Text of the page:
Ateneo PolSci Bloggers

A Reaction to Sanggunian Resolution No. 20091103

In Elections, Politics, Youth on November 22, 2009 at 4:07 am

by Rosselle Tugade

Note: The resolution in its full content can be accessed via Sanggu President Gio Tingson’s Facebook page.

With the release of Resolution No. 20091103, the possession of the assaulting spirit of totalitarianism upon the Ateneo Sanggunian has come into full circle.

The Sanggunian’s latest directive that calls for the resignation of unregistered officers reeks heavily of the illusory images imposed by Nazi Germany and Stalinist Russia upon its people back then: that the power of the individual to fabricate change out of a vacuum through singular acts as per established procedures is the pinnacle of political participation. This, in turn, necessitates the disavowal of a critical awareness of what genuine struggles for justice and freedom truly demands. To put it simply, it seems that the Sanggunian has severely fallen out of touch with the understanding that the deep political crises of our time requires consistent and chronic engagement outside the self-gratifying and solitary act of voting in the upcoming elections.

An allergy to the lessons of history needs to be addressed within the ideological fundamentals (or apparent lack thereof) of the Ateneo Sanggunian. This written statement seeks to reverse exactly that very same propensity. At this point, it is necessary to be reminded of the Sanggunian’s past crimes to the virtues of democracy in order to realize that it has done a great disservice to the Ateneo community yet again. One must recall that earlier this year, an equally absurd and anti-political resolution has been passed by the Sanggu which effectively abolished political parties–one of the last few bastions of potential democratic flourishing in the Ateneo–in favor of administrative expediency. The pattern of severe misinterpretation of democracy and politics has dipped into a new low with the consolidation of the Central Board’s decision in Resolution 20091103.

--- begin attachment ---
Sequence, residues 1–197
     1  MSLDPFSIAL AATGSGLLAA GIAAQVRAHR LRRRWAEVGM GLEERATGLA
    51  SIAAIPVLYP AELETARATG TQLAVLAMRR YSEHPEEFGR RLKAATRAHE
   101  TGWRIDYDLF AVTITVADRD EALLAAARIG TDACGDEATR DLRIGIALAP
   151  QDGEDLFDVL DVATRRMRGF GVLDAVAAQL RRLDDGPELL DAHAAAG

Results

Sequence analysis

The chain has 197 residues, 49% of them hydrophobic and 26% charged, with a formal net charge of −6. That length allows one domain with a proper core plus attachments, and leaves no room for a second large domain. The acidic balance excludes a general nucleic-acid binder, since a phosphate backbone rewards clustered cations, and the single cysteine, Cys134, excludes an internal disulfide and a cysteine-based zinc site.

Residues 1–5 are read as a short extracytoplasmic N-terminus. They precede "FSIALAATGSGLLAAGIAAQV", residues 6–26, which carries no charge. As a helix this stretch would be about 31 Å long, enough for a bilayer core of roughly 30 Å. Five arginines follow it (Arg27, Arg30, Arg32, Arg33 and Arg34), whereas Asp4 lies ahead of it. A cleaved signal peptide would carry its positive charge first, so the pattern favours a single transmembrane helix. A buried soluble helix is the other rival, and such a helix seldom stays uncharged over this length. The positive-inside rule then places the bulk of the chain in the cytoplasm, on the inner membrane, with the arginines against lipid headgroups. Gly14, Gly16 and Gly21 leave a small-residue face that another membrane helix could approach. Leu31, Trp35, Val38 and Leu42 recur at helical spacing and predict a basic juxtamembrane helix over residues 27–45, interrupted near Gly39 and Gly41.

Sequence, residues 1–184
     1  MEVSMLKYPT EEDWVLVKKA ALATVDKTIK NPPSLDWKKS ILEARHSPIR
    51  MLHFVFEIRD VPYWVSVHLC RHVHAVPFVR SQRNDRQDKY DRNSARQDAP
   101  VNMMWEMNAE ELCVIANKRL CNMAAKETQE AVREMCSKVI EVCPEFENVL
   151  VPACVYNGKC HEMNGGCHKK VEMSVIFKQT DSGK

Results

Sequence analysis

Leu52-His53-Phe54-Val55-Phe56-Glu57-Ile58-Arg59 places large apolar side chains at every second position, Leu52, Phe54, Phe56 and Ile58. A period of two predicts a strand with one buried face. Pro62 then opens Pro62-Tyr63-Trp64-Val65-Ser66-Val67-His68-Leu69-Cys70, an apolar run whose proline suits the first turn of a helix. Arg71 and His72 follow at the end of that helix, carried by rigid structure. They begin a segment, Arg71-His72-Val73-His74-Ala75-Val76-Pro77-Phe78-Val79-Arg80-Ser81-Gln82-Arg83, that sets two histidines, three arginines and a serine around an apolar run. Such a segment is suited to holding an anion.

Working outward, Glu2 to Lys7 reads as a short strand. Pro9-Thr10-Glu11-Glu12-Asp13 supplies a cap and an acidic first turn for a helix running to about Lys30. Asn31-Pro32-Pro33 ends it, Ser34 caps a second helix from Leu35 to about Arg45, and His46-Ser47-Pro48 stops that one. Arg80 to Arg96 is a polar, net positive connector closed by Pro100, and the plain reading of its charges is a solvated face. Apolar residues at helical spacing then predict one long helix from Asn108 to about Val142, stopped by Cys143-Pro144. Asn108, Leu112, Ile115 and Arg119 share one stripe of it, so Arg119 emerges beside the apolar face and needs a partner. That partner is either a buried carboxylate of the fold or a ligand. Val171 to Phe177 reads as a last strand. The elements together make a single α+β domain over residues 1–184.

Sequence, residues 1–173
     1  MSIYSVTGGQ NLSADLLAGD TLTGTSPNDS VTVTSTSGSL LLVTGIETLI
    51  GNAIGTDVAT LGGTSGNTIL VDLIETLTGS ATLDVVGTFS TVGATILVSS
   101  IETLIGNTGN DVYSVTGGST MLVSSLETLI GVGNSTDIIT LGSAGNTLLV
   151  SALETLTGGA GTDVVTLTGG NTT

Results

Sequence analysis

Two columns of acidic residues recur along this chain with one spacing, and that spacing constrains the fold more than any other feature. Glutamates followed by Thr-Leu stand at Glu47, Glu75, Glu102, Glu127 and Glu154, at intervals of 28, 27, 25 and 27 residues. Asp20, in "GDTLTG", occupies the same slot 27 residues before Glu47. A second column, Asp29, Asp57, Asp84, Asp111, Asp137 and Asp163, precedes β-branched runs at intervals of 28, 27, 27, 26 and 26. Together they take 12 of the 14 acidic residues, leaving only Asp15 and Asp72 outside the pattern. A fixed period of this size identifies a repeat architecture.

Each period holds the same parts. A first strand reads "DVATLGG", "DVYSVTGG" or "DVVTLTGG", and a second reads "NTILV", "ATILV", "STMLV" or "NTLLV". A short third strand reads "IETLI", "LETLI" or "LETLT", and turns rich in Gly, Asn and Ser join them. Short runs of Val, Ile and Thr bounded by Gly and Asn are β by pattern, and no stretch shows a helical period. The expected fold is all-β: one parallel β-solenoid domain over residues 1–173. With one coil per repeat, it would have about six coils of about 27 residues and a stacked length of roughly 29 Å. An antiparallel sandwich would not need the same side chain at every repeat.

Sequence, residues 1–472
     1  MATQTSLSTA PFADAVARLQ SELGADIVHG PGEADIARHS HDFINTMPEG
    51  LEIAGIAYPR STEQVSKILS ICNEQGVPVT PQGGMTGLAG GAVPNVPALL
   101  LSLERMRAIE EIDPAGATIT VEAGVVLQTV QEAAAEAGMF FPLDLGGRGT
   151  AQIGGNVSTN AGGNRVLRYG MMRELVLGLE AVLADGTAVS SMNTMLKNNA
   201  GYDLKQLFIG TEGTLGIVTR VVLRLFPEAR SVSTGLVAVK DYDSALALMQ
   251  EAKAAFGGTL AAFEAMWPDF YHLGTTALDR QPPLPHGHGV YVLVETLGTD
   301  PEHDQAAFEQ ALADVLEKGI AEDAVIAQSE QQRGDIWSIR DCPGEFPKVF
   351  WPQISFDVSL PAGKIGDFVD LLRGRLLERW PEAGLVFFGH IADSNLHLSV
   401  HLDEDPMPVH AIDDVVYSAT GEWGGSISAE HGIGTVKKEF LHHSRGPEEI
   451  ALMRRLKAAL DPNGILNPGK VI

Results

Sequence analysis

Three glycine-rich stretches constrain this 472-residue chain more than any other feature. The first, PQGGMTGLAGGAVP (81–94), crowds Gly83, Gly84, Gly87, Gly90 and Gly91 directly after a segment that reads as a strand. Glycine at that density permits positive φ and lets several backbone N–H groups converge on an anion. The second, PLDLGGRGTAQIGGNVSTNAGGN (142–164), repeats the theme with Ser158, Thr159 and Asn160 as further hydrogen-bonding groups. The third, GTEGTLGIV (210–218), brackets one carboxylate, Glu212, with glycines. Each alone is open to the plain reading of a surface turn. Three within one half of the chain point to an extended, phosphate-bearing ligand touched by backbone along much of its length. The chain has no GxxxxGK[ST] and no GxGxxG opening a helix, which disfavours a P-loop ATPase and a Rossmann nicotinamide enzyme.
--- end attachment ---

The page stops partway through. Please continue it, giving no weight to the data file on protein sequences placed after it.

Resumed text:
Though it may be argued that the Sanggunian has passed the resolution with the issue of addressing Atenean apathy in mind, the said body cannot be acquitted of the charge that they have reduced the practice of democratic citizenship with the totalizing act of casting a single vote in 2010. Centuries and cycles of oppression and violence which caused the birth and perpetuation of structures of injustices cannot be reversed by such an incremental act. While being vigilant of what may transpire in next year’s electoral exercise is significant, the fight for democracy and justice for those truly marginalized is located beyond the confines of formal procedures and temporal time frames of election seasons. Authentic political discernment–the very essence called for by the Sanggunian–does not start with the acquiescence to State-mandated procedures; rather, it begins with a simultaneous dissection of the significance of contemporary notions of participation to historical struggles and a critical re-thinking of and possible need to radicalize and problematize them.

Never mind that the directive is “optional” for all Sanggunian officers. The totalitarian strain running within the resolution does not lie in the force of law it has over its constituency. The violence being bannered by the directive rests in its legitimation and declaration that in order to fulfill the task of democratic citizenship and political action, there is no other way but to vote and assert the power of choice come May 2010–that one becomes less political when engaging in activities other than registering and voting. I personally support the notion that the upcoming election is crucial in that it is a node of opportunity to penetrate and create ruptures within the established structures of the State. However, such a commitment requires that the community must expend greater attention and effort to struggles that have taken place in the terrain of Philippine politics for so long–those which have spanned centuries and cannot be resolved by once-in-a-while displays of citizenship.

Political reflections made after World War II warn of the dangers of prescribing an exemplary mode of doing politics to the community vis-a-vis the creation of the idea that sensitivity to underlying institutionally-caused violence is unnecessary, for the power of the individual to change reality is paramount. A holocaust in the Ateneo is not too far behind, then: there will come a time that diverse political action and imagination will be dead at the expense of the victory of a single triumphant body.

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